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Airline pilot: Job description

Airline pilots fly passengers and/or cargo on long or short-haul flights for leisure, business or commercial purposes.

The aircraft is typically operated by two pilots; one will be the captain who is the pilot in command, while the other will be the supporting first officer. The pilots will usually take turns to fly the plane to avoid fatigue, with one operating the controls while the other speaks to air traffic control and completes the paperwork. In some instances, such as long-haul flights, there may be three or four pilots on board so that the necessary breaks from flying can be taken.

The captain has the overall responsibility for the safe and efficient operation of the aircraft and the safety of crew and passengers.

Prior to the flight, pilots check flight plans, ensure that the aircraft's controls are operating efficiently and calculate the required fuel for the flight. They are also responsible for checking the weather conditions and briefing cabin crew.

Typical work activities

The job of a pilot comes with heavy responsibility and personal commitment. Stringent training courses have to be passed followed by recurrent training every six months in order to maintain the relevant licence required for the job.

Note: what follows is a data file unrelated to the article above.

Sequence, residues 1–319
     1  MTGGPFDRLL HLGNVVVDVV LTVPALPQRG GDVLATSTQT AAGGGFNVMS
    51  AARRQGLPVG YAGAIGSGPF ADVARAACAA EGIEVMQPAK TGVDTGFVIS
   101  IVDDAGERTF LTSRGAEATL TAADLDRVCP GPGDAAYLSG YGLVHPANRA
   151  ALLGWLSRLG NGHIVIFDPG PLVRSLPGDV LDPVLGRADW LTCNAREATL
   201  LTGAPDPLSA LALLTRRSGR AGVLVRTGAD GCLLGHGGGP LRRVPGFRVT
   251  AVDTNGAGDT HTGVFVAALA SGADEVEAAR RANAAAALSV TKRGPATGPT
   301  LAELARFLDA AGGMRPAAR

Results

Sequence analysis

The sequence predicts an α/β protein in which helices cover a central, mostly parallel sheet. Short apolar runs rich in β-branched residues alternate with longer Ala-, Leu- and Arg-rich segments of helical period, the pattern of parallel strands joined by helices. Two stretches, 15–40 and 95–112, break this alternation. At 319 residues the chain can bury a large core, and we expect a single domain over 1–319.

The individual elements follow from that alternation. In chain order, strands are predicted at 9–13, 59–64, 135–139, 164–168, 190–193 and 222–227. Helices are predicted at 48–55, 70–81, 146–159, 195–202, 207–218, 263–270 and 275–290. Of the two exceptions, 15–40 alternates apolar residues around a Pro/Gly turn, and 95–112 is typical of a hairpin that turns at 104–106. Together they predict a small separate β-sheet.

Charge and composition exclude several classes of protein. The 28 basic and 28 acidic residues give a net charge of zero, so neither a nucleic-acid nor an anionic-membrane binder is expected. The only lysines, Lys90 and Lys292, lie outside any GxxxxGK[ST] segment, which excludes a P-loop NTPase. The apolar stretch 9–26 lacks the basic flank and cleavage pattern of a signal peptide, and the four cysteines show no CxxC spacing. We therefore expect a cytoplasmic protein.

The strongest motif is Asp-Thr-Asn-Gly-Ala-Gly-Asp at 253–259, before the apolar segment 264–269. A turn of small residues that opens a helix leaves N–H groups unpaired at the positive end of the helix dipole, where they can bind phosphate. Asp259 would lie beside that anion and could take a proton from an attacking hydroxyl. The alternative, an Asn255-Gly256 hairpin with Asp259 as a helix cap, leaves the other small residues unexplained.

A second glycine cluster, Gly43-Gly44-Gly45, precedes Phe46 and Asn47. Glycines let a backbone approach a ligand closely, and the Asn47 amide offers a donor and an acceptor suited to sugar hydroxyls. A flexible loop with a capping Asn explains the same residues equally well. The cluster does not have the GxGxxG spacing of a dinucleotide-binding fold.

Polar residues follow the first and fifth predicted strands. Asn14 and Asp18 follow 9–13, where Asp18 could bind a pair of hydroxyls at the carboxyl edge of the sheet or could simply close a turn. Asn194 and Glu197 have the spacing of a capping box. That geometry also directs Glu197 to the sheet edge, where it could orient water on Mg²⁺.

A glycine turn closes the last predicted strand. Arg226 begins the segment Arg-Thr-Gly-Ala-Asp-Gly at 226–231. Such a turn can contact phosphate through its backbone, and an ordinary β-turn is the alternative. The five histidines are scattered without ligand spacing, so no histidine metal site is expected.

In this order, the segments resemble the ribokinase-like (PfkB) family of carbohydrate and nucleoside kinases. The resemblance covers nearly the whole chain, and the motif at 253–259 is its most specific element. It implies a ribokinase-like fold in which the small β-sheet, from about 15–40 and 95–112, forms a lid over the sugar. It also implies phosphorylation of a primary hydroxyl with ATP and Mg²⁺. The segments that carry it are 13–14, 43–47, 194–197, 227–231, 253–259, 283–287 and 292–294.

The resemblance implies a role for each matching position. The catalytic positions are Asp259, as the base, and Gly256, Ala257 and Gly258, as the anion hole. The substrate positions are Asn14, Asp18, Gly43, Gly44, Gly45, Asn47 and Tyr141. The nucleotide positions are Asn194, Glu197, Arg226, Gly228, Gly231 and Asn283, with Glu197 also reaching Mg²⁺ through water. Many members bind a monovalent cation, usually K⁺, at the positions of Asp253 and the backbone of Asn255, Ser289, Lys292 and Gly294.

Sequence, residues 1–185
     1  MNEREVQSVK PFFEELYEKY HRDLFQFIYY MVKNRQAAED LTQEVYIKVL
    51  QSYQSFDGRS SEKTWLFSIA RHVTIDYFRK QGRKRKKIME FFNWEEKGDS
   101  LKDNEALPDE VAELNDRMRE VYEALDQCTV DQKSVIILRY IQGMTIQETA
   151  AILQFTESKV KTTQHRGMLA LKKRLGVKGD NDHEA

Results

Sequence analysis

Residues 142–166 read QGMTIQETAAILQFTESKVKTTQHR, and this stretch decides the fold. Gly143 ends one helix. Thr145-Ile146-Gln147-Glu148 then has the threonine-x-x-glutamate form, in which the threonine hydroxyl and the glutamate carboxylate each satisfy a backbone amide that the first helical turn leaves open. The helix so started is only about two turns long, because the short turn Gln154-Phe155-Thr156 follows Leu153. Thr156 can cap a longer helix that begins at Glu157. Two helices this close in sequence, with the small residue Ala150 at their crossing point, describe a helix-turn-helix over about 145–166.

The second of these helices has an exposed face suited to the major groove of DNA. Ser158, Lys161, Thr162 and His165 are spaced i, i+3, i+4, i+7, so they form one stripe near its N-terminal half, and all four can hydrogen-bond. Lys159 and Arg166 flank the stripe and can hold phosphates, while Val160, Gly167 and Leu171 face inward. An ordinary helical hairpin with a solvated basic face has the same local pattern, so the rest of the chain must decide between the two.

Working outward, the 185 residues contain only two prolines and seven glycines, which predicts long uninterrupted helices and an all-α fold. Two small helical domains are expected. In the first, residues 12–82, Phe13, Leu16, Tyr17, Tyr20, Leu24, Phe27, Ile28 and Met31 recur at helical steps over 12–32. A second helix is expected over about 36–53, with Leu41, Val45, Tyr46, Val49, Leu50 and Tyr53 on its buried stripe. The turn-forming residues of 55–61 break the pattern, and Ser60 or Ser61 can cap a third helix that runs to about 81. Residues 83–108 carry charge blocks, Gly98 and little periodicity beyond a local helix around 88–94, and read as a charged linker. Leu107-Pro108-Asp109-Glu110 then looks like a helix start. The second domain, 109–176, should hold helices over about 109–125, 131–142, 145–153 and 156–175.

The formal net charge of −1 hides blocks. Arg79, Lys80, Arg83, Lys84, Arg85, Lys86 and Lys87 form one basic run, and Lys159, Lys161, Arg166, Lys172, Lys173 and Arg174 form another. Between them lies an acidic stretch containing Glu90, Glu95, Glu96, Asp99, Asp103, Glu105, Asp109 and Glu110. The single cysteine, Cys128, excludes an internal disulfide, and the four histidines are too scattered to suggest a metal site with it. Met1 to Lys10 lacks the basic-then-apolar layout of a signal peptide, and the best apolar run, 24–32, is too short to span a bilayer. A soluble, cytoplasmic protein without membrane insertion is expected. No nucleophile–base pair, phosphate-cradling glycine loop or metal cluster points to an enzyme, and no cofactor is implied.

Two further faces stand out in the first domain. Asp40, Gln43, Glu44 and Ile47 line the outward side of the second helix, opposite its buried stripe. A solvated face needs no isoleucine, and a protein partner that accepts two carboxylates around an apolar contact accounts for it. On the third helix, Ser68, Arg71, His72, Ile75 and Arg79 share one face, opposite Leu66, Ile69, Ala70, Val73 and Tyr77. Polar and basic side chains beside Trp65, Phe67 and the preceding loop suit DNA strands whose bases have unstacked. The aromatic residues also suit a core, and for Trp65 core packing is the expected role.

There is more to the role than just flying the plane, which has to be done safely and economically, and tasks can typically include:

  • ensuring all information on the route, weather, passengers and aircraft is received;
  • using that information to create a flight plan which details the altitude for the flight, route to be taken and amount of fuel required;
  • ensuring the fuel levels balance safety with economy and supervising the loading and fuelling of the aircraft;
  • ensuring all safety systems are working properly;
  • briefing the cabin crew before the flight and maintaining regular contact throughout the flight;
  • carrying out pre-flight checks on the navigation and operating systems;
  • communicating with air traffic control before take-off and during flight and landing;
  • ensuring noise regulations are followed during take off and landing;
  • understanding and interpreting data from instruments and controls;
  • making regular checks on the aircraft's technical performance and position, on weather conditions and air traffic during flight;
  • communicating with passengers using the public address system;
  • reacting quickly and appropriately to environmental changes and emergencies;
  • updating the aircraft logbook and writing a report at the end of the flight noting any incidents or problems with the aircraft.

Have you considered these other jobs?

 
 
AGCAS
Written by Laura Stanley, University of Wolverhampton
Date: 
March 2013
 
 

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